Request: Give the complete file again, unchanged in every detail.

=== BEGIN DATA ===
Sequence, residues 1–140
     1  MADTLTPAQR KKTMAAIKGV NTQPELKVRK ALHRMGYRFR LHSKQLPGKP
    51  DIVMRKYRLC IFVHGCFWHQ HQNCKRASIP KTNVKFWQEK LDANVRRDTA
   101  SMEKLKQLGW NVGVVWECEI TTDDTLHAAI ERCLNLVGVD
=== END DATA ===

Sequence, residues 1–140
     1  MADTLTPAQR KKTMAAIKGV NTQPELKVRK ALHRMGYRFR LHSKQLPGKP
    51  DIVMRKYRLC IFVHGCFWHQ HQNCKRASIP KTNVKFWQEK LDANVRRDTA
   101  SMEKLKQLGW NVGVVWECEI TTDDTLHAAI ERCLNLVGVD